Newmont Mining (NYSE: NEM ) has made impressive progress cutting costs during the past year.
For example, during the first quarter, compared to year-ago figures, Newmont's all-in sustaining cost of production per gold ounce dropped 8%, or around $83 million in savings, around 80% of net income for the period.
Net cash used in investing activities dropped from $507 million reported during the first quarter of 2013 to $178 million for the first quarter of this year.
However, the problem is that while Newmont is benefiting from these cost cuts now, the company is beginning to look like it will suffer from these decisions in the future.
Low spending is not always good
Newmont's level of capital spending is extremely low by the company's historical standards. In particular, the company's capital spending is around a fifth below historical levels.
And it seems as if this low level will impact the company's future. Some Wall Street analysts are now stating that Newmont's volumes could fall 10% to 15% by 2020 if the company doesn't ramp up capital and exploration spending, in order to fill the production gap left by the deterioration of output from certain mines.
Further, it would appear that Newmont's drive to be free cash flow positive is limiting options, although it must be said that free cash flow is rarely a bad thing.
Needs to spend more
For a company to be free cash flow positive, it has to spend less on capital projects than it generates from operations. According to Morgan Stanley, Newmont requires a gold price of $1,200 or more to be free cash flow positive with its current low levels of capital spending.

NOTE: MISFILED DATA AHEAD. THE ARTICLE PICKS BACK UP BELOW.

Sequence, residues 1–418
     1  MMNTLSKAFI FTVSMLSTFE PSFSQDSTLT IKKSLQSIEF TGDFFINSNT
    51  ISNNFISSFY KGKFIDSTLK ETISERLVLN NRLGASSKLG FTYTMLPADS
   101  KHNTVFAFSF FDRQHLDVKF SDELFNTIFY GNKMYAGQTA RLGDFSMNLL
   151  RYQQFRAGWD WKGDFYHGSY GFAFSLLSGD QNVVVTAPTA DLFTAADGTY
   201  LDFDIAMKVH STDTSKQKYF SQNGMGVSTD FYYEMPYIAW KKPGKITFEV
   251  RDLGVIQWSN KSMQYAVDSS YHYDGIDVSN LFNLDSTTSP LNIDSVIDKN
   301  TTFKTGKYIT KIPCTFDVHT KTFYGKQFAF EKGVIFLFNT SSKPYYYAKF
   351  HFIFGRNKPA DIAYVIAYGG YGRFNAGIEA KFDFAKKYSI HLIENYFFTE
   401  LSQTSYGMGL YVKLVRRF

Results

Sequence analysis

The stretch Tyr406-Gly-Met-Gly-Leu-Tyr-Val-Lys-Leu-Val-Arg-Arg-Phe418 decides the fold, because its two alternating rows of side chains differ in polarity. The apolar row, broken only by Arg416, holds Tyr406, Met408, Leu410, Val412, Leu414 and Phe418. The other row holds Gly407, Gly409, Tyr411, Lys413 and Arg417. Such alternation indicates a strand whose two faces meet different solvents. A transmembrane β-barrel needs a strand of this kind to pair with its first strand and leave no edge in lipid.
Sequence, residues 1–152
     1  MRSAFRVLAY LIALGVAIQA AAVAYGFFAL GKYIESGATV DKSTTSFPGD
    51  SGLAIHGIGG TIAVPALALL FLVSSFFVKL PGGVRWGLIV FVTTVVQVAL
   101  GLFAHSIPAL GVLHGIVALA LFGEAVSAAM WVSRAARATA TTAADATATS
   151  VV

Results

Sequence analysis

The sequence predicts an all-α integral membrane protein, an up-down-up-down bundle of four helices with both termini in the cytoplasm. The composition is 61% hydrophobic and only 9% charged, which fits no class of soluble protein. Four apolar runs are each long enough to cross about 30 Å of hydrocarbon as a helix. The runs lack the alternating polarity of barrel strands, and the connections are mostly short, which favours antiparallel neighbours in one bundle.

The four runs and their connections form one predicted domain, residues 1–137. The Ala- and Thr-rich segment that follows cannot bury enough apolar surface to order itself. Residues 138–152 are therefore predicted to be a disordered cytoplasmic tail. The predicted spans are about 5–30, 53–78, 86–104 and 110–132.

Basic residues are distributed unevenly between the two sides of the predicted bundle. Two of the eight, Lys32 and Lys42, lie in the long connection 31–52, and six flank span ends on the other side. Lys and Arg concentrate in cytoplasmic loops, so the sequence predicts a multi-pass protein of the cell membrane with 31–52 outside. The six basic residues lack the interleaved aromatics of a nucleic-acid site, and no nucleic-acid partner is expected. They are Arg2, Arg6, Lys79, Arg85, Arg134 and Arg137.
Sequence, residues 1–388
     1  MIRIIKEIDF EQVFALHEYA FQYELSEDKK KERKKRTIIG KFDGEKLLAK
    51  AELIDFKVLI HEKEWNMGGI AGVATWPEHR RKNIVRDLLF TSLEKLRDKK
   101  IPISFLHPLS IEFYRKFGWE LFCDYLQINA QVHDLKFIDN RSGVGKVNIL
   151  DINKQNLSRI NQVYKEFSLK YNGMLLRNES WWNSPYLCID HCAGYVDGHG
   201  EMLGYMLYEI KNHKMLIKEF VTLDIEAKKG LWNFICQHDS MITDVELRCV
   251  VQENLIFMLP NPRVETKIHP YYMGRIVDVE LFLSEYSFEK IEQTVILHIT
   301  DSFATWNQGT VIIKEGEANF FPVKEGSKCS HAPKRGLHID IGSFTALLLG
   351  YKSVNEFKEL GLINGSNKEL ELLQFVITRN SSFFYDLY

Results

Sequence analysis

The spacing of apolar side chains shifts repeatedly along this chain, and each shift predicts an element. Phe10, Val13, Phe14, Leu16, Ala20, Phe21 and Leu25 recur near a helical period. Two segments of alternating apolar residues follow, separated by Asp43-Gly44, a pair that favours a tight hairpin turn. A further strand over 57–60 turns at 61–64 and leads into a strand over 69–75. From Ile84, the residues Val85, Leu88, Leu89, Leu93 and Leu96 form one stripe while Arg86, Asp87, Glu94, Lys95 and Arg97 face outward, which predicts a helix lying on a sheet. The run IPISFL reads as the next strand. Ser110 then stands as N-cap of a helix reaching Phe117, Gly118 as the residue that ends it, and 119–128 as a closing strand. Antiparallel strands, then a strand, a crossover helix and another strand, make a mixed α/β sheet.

Nevertheless, Newmont requires an additional $2 billion to $3 billion in capital spending to bring enough projects online in order to prevent production from declining. So, Newmont needs to increase capital spending, although to do this the company will miss its target to become free cash flow positive.
The company's debt-to-EBITDA ratio already comes out to 3.5, a relatively high level.
It's possible that these projects will be abandoned; Newmont has to make some tough choices.
Meanwhile, Newmont's larger peer, Barrick Gold (NYSE: ABX ) has a portfolio of assets under development, despite the company's drastic cost cutting.
Plenty of gold
Barrick's most impressive project underdevelopment is the Gold Rush asset in Nevada, which is estimated to contain 10 million ounces of gold. The project is currently undergoing feasibility testing.
Another of Barrick's sizable development projects is the Turquoise Ridge mine optimization. This project is also located within Nevada and has reserves of 6.7 million ounces. Once again this project is currently undergoing a pre-feasibility study, and if this study proves successful, Barrick will have the opportunity to expand the mine's production by 75% over the next eight years.
Then there is Barrick's huge, but now mothballed, Pascua-Lama project on the border of Chile and Argentina. Pascua-Lama is one of the world's largest gold and silver resources with more than 15 million ounces of proven and probable gold reserves, and 675 million ounces of silver contained within the gold reserves.
The final development of note is the Cerro Casale project, one of the world's largest undeveloped gold-copper deposits. Cerro Casale has total proven and probable gold and copper mineral reserves of 23 million ounces of gold and 5.8 billion pounds of copper. Although Barrick has reduced its development budget for Cerro, the company has the opportunity to ramp up spending if output starts to fall.
All in all, it would appear that in its rush to cut costs, Newmont has forgotten to plan for the future. With the company cutting capital spending, project developments have been put on hold, and this could dent future production.
Meanwhile, Barrick Gold has a strong pipeline of world-leading projects under development, and the company should have no trouble sustaining output.
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